Downpatrick Head is one of the reasons you must go down every road if you decide to drive the Wild Atlantic Way, there is no indication before you go down this road of the spectacle that awaits you when you get to the cliffs. When you come over the top of the hill, you can see a massive piece of land jutting out into the sea which looks like a giant hand from far away, I did take a picture but it is very difficult to capture with my iphone.
As you approach the cliffs the scenery and views of the beach are spectacular in themselves, again with waves crashing against the rocks at the base of the cliffs which curled around the mainland and beautiful imposing mountain scenery in the background. The beaches were golden with lots of rocky outcrops and jagged cliff edges.
The walk up to the top of the cliffs takes you over a blow hole which has been covered with a grid for safety reasons. Blow holes are formed by landward expanding sea caves that push upwards into vertical shafts; the land on top finally caves in and makes way for the blow hole which can be dangerous if you happen to be standing there at the time. During a storm sea water can be seen blasting from the top of the blowholes. There is a visitor area at the top of the cliffs with a fenced off blowhole.
It is obvious from the way the waves crash against the base of the cliffs constantly that more erosion is taking place, because, as we know nature is a constant moving entity that continually changes everything but some things at a slower pace than others. When you watch the waves rush into the caves underneath the cliffs and rush back out while more are rushing in causing huge high clashes, you can almost feel the changes taking place, which will become evident in the future, not our future, but that of successive generations.
The terrain at the top on the edge of the cliffs is very strange, it is a series of green mounds which look like grass but on closer inspection are clumps of alpine plants covered in a green moss like growth, but look very beautiful.
It is a very spiritual place, as well as being extremely scientific; from a scientific perspective there is a visitor area which has been erected which is part of the fenced area which is around the blow hole, in order to preserve spectator safety as well as enabling the public to see the spectacle. The place was built as a project called “The Spirit of Place” and it was designed and built by Catholic University of America design and architecture students during the summer of 2014.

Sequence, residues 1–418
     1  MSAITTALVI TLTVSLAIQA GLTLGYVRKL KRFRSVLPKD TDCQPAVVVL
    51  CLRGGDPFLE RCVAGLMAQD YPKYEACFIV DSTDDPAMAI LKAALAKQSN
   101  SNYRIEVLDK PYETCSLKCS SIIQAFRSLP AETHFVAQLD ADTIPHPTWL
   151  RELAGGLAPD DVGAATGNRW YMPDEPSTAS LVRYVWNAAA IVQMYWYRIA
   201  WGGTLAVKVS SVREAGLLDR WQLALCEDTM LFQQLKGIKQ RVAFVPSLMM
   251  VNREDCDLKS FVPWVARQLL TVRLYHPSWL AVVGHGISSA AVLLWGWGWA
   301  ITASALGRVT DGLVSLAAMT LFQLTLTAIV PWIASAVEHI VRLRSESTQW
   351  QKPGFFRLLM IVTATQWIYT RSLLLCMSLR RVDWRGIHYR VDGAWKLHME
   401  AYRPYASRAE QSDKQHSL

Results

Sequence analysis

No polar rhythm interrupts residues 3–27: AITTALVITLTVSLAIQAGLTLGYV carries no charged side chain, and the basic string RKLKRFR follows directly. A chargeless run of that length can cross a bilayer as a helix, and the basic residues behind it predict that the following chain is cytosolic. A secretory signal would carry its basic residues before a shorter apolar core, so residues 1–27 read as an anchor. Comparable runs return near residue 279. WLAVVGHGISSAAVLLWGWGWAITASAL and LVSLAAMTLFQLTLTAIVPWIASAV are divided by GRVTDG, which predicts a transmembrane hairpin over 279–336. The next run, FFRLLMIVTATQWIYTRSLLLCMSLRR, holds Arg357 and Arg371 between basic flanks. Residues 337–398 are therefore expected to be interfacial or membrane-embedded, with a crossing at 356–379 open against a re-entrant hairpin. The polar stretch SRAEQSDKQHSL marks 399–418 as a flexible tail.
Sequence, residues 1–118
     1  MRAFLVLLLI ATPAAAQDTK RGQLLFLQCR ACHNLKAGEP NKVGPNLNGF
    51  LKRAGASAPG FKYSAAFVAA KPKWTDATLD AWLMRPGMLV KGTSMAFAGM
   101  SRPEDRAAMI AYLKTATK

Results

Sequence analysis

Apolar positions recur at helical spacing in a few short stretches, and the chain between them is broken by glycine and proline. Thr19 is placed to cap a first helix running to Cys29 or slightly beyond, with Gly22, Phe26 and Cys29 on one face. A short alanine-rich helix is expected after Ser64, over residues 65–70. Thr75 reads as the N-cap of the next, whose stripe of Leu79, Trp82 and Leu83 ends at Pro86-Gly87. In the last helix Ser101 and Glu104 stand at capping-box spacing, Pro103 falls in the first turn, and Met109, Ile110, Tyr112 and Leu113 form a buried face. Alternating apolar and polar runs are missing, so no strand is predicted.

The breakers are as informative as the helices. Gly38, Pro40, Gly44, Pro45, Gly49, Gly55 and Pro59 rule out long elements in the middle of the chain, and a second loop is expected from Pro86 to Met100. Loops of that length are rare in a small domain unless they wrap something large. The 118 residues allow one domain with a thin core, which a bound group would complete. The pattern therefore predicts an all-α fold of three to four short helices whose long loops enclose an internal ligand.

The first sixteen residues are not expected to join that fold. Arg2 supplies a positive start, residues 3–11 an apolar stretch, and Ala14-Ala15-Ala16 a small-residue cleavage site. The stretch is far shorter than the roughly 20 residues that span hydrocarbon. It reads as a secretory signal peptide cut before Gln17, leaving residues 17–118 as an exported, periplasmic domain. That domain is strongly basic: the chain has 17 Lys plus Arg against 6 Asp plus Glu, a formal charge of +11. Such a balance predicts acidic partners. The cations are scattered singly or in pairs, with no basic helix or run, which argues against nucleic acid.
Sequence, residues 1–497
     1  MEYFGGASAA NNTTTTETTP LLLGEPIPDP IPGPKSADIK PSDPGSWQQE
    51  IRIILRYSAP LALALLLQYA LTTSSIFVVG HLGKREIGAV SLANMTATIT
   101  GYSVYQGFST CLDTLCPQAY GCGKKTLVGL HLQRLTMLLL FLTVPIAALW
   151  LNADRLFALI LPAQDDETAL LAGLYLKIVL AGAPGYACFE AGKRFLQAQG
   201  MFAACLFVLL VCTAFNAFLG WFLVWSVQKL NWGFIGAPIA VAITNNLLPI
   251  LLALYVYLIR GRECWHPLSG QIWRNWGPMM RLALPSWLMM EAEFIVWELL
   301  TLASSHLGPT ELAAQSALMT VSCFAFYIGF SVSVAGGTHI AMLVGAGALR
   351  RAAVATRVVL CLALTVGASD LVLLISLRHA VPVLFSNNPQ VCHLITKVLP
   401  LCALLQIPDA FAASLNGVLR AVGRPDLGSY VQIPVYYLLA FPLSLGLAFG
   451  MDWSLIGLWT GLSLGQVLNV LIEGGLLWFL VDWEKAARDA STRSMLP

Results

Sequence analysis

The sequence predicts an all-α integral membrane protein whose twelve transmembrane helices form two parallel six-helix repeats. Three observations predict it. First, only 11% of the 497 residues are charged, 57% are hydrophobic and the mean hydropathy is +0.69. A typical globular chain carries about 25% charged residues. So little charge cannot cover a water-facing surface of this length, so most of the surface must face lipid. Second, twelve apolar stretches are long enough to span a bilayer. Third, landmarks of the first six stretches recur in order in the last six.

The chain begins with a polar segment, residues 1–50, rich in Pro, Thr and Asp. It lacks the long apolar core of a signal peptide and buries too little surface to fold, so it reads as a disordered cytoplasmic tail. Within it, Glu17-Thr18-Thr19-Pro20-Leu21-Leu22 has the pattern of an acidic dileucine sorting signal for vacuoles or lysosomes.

There is a section under cover with information printed for everyone to read and there was a quote which I loved “Landscape is not an objective area of land or coastline or bounded space; it is perceived individually through the lens of personal memory and depends on the accepted beliefs through which it is interpreted. On Downpatrick Head there are a number of different landscapes with the best example being the contrasting landscape of science and landscape of the paranormal, each interpreting differently the identical phenomena which can be seen and experienced there”.
This quote exactly explains how you feel when you are there! It is an individual experience yet we humans revel in the natural phenomenon which exists at Downpatrick. It will blow you away!!
There is also a religious context, the name Downpatrick derived from the fact that St Patrick founded a church at this point, the remains of which can be seen at the cliff tops, there is also a stone cross and a holy well. It was once a popular pilgrim destination and mass is still held here every year at the end of July which is also called Garland Sunday.
There is a section where Eire 64 is written in stone visible from the air, which denotes Ireland’s neutral stance during World War II.
The magnificence for me exists in the lone stack named Dun Briste (the broken fort) the spectacular sea stack that foretells the fate of more sections of this cliff top as erosion inevitably takes its toll in the coming centuries.
There is a huge history to this place, spiritual or scientific, either way, it is a phenomenal experience. I am going back there before I leave Ireland, it really struck a chord with me, and I feel so at one with nature there. The feeling of the area is all around and I defy anyone to see this place and not feel moved by the spectacle that is Downpatrick Head!! I will return!!